Kusserow’s Corner: DOJ Intervenes against Health Management Association Hospitals

The Department of Justice (DOJ) has intervened in eight False Claims Act lawsuits against Health Management Associates Inc. (HMA), alleging that HMA billed federal health care programs for medically unnecessary inpatient admissions from the emergency departments at HMA hospitals and paid remuneration to physicians in exchange for patient referrals. The DOJ also joined in the allegations in one of the lawsuits that Gary Newsome, HMA’s former CEO, directed HMA’s corporate practice of pressuring emergency department physicians and hospital administrators to raise inpatient admission rates, regardless of medical necessity, and that this resulted in the submission of inflated or false claims to federal health care programs.

HMA operates 71 hospitals in 15 states: Alabama, Arkansas, Florida, Georgia, Kentucky, Mississippi, Missouri, North Carolina, Oklahoma, Pennsylvania, South Carolina, Tennessee, Texas, Washington and West Virginia. Last July it was announced that Community Health Services, the second-largest U.S. hospital system, agreed to buy HMA for $3.9 billion in cash and stock. Community Health Services added the HMA hospitals to their existing 135 hospitals.

Complaints also allege that HMA:

  1. improperly admitted patients for scheduled surgical procedures that should have been done on an outpatient basis;
  2. paid kickbacks, either in the form of bonuses or awarded contracts, to physician groups staffing HMA emergency rooms to induce the physicians to induce referrals and admit patients unnecessarily;
  3. provided improper remuneration, both through the provision of free office space and staffing and through direct payments to a physician practice group in exchange for referrals to HMA hospitals;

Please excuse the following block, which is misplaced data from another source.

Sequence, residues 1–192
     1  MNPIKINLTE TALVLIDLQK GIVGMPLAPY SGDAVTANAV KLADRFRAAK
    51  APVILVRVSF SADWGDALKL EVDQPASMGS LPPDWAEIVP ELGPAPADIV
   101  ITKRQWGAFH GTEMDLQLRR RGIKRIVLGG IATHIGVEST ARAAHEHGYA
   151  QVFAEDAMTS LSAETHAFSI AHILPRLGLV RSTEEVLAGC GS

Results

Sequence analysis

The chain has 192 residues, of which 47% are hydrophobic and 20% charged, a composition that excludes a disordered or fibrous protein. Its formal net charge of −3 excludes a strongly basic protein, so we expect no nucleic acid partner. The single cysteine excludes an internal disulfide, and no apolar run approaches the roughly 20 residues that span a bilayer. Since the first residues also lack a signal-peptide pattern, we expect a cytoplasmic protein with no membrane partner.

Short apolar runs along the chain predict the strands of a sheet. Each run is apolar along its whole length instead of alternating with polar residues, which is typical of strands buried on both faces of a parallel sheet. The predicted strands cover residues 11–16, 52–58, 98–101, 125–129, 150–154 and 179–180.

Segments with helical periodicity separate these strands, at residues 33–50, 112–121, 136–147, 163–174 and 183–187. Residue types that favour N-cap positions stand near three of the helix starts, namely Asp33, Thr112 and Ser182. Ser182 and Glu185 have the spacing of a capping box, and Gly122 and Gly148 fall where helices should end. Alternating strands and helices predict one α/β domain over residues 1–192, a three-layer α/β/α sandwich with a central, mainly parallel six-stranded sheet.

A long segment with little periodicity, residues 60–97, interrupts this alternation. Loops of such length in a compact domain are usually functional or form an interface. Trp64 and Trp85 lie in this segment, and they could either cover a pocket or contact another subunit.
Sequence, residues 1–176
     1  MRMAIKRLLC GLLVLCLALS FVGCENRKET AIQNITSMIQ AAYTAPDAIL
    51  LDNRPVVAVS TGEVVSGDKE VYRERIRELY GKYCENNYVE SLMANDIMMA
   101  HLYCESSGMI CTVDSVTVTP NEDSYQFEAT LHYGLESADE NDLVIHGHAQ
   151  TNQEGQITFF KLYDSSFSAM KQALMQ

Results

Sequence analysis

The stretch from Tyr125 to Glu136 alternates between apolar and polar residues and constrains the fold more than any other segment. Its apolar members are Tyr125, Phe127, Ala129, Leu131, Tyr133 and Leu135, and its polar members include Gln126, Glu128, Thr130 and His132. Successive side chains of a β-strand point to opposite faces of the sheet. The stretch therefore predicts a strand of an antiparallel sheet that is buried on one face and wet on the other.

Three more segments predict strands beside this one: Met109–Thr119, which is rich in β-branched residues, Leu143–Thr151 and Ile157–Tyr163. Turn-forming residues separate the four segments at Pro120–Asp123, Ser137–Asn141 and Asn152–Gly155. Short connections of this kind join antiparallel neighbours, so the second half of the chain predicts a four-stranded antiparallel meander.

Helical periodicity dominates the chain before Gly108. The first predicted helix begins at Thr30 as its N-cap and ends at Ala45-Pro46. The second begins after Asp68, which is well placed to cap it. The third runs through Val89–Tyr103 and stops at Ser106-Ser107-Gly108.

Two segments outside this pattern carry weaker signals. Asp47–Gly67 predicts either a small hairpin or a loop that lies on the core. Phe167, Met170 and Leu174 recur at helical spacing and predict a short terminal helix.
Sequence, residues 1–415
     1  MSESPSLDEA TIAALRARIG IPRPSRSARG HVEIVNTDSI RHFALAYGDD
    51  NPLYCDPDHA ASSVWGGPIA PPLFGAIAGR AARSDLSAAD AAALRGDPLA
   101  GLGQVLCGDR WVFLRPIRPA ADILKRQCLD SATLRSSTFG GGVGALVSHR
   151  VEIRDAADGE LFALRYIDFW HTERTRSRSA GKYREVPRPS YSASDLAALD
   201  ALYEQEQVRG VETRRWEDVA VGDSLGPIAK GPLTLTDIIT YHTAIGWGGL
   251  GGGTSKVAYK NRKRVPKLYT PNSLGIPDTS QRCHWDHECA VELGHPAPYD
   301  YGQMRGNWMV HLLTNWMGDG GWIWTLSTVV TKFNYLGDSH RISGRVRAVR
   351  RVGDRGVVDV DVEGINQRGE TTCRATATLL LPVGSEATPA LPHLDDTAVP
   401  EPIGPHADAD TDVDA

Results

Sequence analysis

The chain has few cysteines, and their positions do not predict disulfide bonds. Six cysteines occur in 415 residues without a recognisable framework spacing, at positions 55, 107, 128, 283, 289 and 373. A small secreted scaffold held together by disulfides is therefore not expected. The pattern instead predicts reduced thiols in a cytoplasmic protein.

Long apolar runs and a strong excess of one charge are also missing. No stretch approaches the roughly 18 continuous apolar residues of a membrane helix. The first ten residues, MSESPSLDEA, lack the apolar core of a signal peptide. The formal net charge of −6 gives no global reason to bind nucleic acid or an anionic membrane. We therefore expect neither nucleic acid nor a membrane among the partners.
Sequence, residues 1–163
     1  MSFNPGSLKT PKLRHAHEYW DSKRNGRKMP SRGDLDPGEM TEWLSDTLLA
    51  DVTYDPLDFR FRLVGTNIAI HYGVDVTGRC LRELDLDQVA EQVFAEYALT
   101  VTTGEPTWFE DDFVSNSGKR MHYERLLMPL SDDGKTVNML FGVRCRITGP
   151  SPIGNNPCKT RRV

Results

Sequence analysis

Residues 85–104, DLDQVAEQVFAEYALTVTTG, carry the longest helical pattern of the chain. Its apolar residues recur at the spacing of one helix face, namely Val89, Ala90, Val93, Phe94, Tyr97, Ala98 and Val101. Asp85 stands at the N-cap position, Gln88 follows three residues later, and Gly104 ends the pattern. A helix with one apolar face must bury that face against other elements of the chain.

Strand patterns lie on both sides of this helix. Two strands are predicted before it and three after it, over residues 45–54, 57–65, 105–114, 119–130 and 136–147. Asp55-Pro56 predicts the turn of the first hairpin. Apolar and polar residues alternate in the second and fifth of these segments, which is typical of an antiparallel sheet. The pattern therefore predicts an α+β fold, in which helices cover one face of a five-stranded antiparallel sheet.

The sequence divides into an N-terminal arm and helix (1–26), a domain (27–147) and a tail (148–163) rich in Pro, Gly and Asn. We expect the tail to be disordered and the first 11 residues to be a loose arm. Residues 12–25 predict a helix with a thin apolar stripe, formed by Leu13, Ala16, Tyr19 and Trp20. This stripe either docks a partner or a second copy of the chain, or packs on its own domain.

4. gave kickbacks to physicians by paying inflated prices for physician-owned assets; and
  5. provided sham medical directorship contracts and selling assets to physicians for below fair market value.

The lawsuits were filed under the qui tam, or whistleblower, provisions of the False Claims Act. The eight lawsuits are pending in the Southern and Middle Districts of Florida, Middle District of Georgia, Northern District of Illinois, Western District of North Carolina, Eastern District of Pennsylvania and District of South Carolina.

Richard P. Kusserow served as DHHS Inspector General for 11 years. He currently is CEO of Strategic Management Services, LLC (SM), a firm that has assisted more than 3,000 organizations and entities with compliance related matters. The SM sister company, CRC, provides a wide range of compliance tools including sanction-screening.

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Copyright © 2014 Strategic Management Services, LLC. Published with permission.